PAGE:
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Tampabay.com - Reporting with a camera

Behind the lens: Shooting UFC's Fight Night through a cage

22

April

UFC’s Fight Night at Amalie Arena was a gruesome spectacle. At one point, the floor of the octagon had to be repainted between bouts because it was stained with so much blood. In short, it was a very visual evening.

Shooting mixed martial arts has its share of challenges. The biggest is shooting through a cage. If shooting an amateur fight, you might be able to get right up against the cage and put your lens tight to the holes. At a televised, high profile event like a UFC Fight Night, you’re kept a few feet away from the octagon.

Having chain-link fencing three feet in front of your lens, while trying to shoot fast moving action on the other side of it, can be seriously frustrating. Here are a few shooting tips for combatting the difficulties associated with having a fence between you and your subjects.

1)    Use the focus limiter on your lens. Most telephoto lenses have one. This switch will narrow the lens’ focus range by extending the minimum focus distance, and therefore reduce focus hunting. In practical terms, as you’re tracking the action, when your autofocus system gets thrown by the fence, your lens won’t come all the way in to try to focus on the fence. It will only come partially back in before focusing back out toward the fighters. This translates to regaining focus on the subjects much quicker.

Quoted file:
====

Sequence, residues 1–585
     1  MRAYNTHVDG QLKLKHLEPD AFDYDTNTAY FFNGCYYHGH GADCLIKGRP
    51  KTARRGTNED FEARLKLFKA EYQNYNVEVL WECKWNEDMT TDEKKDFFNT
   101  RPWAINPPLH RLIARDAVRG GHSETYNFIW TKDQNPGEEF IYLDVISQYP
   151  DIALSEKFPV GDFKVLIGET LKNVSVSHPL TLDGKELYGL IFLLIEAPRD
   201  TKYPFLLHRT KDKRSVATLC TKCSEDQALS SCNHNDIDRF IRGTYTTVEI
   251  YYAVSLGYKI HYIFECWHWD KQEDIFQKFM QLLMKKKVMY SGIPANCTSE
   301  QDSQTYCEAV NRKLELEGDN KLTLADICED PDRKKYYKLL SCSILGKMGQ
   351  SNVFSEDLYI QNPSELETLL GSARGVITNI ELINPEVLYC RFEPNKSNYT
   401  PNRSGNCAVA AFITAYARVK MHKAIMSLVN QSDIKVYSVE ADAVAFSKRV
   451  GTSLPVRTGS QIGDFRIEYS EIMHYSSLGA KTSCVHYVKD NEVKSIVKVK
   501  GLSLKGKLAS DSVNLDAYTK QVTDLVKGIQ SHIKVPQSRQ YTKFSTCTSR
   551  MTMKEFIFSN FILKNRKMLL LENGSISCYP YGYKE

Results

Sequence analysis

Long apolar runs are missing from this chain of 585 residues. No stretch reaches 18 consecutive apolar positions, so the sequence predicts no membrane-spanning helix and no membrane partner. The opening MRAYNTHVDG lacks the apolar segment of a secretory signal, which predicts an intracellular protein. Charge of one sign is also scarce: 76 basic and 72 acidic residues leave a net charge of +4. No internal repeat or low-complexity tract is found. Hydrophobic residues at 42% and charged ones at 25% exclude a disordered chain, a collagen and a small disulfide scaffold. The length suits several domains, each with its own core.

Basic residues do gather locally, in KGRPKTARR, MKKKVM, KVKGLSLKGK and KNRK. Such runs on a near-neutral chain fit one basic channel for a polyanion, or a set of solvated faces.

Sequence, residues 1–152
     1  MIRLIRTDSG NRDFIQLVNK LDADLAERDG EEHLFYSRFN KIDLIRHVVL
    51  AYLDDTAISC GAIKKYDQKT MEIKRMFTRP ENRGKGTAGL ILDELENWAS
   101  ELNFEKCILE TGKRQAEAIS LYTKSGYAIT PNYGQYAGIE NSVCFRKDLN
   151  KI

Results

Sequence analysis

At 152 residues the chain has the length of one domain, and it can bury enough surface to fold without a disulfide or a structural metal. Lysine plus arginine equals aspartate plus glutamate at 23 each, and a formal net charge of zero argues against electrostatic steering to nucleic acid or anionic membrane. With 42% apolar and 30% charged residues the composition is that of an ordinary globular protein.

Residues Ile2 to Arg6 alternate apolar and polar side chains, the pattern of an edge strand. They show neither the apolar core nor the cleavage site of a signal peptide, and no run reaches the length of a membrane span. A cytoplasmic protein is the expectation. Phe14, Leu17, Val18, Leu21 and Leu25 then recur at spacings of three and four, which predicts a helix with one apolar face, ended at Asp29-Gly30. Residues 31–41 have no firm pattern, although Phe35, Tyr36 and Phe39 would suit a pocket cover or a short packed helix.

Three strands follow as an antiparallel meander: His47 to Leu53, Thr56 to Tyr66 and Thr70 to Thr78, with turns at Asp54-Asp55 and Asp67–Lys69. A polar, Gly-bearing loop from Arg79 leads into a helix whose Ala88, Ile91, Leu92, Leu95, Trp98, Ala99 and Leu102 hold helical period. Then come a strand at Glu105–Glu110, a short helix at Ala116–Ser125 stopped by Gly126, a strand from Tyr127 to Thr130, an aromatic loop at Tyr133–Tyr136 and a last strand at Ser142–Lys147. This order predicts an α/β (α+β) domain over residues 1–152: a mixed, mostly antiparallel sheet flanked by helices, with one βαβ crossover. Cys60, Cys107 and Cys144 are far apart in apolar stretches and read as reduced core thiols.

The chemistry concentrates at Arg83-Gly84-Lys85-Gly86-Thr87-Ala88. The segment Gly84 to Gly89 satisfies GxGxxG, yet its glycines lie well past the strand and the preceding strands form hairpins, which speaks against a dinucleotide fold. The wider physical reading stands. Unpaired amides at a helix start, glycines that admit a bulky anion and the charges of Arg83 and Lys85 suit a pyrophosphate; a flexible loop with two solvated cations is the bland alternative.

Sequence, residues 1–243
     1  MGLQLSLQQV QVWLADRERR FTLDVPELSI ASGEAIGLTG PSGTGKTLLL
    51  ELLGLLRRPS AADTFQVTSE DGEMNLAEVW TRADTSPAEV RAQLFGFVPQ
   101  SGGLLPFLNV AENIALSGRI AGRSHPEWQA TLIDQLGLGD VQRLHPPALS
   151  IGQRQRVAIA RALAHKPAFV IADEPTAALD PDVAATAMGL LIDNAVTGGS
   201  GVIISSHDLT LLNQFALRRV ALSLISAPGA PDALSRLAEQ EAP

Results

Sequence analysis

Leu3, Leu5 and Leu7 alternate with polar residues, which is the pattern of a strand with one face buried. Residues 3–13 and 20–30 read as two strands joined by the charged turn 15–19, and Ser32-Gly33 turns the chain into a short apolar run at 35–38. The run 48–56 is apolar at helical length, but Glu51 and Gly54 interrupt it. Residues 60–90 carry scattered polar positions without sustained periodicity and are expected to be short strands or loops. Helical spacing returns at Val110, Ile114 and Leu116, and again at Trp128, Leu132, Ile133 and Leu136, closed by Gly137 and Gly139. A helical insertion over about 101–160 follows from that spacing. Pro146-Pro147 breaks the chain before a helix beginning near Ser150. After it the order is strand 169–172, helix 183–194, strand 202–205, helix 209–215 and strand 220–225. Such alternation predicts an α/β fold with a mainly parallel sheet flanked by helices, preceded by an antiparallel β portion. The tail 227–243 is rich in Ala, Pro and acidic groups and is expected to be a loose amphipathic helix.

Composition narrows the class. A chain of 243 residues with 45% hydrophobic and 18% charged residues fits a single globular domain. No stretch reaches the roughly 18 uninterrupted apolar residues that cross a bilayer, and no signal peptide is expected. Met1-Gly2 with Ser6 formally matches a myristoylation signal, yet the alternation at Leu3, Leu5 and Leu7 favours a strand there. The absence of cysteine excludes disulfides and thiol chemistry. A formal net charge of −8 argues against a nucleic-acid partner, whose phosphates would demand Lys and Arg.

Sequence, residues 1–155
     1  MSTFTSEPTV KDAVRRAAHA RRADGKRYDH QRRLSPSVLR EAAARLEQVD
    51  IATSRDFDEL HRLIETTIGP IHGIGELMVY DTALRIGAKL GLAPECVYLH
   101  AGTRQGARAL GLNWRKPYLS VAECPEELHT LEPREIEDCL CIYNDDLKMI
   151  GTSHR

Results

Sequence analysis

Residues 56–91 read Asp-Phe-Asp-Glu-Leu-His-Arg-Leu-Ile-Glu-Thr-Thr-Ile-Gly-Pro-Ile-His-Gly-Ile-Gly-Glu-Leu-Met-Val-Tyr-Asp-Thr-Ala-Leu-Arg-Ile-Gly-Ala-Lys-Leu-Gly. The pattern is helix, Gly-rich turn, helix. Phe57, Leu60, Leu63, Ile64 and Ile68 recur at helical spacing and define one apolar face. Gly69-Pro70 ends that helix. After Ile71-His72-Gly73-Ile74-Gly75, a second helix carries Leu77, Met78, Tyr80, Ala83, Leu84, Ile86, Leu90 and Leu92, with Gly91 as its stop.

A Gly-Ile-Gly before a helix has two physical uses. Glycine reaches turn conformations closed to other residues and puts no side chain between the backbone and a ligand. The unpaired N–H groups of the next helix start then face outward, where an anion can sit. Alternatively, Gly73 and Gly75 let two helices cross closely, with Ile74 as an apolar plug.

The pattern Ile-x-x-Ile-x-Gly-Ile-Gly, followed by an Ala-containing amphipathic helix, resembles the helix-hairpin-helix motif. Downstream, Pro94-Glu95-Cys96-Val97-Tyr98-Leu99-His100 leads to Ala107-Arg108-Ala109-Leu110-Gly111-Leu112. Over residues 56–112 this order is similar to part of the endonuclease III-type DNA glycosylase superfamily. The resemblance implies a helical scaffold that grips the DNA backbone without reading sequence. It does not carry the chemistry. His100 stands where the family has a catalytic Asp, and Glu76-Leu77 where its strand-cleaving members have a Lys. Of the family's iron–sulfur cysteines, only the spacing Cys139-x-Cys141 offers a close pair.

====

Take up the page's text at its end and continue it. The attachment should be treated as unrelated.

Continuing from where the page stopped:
2)    Use the widest aperture possible. I switched between a Canon 135mm F2 lens and a 70-200mm F2.8, both kept wide open. By shooting at F2 or F2.8, the shallow depth of field helps to blur the fence and make it less distracting. Combining this with leaning out to get as close to the fence as possible will result in the least visible chain-link in your images.
3)    Give that manual focus ring some love when fighters are against the cage. A DSLR’s autofocus system is almost always going to key in on the chain-link fence, as opposed to the fighters just on the other side of it, when the action comes in close. Lenses that have manual focus override are ideal, because once the lens focuses on the fence, you can bump the focus just past it to make the fighters sharp.

Loren Elliott
Staff Photographer
Tampa Bay Times
lelliott@tampabay.com

[Last modified: Friday, April 22, 2016 3:05pm]

    

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